We want to know where today’s leading scientists do all of their groundbreaking work. So we asked them to send us photos of their work place. In the “Where I Work” series, we find out who has a neat desk, and who needs to clean, where leading scientists stash their PhD degrees, and which scientists have the strangest and silliest artifacts sitting next to their keyboards.
Here’s what molecular scientist and Caltech choreographer Crystal Dilworth had to say about her two (very different!) favorite places to work.
My lab bench.
“This is the space where I spent the 5 years of my PhD, but it was never this clean. This picture was taken the day of our annual spring lab clean-up and so is not a perfectly representative example of what my space actually looked like. The yellow papers posted on the wall in the background contain hand written, but important, reference calculations for different stoichiometric arrangements of Forster’s Resonance Energy Transfer between fluorescent proteins in a pentameric receptor complex. These calculations contributed to the work published here.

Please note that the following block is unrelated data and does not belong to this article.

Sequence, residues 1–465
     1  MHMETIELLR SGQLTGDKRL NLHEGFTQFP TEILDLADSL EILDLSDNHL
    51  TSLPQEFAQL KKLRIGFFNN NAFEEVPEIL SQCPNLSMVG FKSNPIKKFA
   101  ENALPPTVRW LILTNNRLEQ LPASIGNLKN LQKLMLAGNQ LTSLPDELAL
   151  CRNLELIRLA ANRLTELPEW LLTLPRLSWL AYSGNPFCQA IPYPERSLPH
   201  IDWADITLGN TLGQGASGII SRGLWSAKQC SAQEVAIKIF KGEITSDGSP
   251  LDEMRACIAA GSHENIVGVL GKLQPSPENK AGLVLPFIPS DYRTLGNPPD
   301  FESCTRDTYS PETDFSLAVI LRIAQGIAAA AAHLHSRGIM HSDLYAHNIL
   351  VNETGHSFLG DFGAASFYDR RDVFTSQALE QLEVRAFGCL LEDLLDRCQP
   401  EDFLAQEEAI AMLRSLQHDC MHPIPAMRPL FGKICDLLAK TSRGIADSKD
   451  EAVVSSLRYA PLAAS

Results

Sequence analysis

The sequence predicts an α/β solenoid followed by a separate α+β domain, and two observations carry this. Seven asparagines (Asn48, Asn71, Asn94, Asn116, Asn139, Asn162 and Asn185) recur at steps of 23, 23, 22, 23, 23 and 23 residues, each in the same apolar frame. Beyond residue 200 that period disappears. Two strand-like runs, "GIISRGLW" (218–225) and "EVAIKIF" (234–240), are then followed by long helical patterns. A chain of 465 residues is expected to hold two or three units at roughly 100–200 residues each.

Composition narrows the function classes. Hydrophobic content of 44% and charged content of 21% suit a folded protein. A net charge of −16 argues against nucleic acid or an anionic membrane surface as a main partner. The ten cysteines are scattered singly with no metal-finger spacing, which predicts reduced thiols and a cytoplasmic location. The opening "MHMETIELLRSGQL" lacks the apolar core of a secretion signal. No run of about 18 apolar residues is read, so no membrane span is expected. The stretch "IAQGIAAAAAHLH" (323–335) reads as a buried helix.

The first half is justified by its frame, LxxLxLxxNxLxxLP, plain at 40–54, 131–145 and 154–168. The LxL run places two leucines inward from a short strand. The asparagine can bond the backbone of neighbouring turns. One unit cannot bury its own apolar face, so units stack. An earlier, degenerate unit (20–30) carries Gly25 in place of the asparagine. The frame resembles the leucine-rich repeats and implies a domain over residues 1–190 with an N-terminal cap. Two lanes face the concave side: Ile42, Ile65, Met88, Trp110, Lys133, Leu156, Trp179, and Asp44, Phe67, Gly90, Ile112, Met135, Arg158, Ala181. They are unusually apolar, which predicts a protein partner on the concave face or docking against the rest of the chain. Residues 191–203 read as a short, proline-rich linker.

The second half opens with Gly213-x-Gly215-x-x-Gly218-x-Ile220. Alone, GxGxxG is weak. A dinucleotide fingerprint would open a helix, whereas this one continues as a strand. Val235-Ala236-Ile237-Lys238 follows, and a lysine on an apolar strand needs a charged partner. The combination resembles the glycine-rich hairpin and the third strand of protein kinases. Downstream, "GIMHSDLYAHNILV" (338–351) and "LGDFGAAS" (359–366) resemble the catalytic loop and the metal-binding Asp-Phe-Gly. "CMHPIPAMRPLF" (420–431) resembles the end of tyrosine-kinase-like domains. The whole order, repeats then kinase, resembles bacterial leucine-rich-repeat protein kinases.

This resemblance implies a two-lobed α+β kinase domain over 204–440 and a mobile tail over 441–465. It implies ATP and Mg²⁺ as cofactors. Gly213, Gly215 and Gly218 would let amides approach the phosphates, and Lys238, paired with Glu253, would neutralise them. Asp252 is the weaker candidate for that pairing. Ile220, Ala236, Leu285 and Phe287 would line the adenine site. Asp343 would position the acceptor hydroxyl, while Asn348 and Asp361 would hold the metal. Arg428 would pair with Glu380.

The stork sculptures on top of my desk were discovered in a remote corner of the lab during a different spring lab cleanup and they appeared so incongruous that I had to keep them.”
On set for TechKnow
“This is one of the ways that I continue to communicate science and challenge the stereotypes of what is expected of scientists. As a contributor for the TV show TechKnow on Al Jazeera America, I work as an on-camera science communicator to educate and explain new scientific innovations that are (or will) impact the way we experience our world. I’m seen here at Republic of Pie, a coffee shop in Burbank, California where we film a portion of the show (and eat a lot of pie) with fellow contributor Kosta Grammatis and show host Phil Torres (well, the back of Phil’s head).
Together I think these photos represent the best of both worlds: The dedication it takes to have the privilege of contributing new knowledge to the ever increasing scientific understanding, and the responsibility we have to communicate our findings and our process to others who have not chosen a scientific path themselves. I’m very lucky to have had the opportunity to do both.”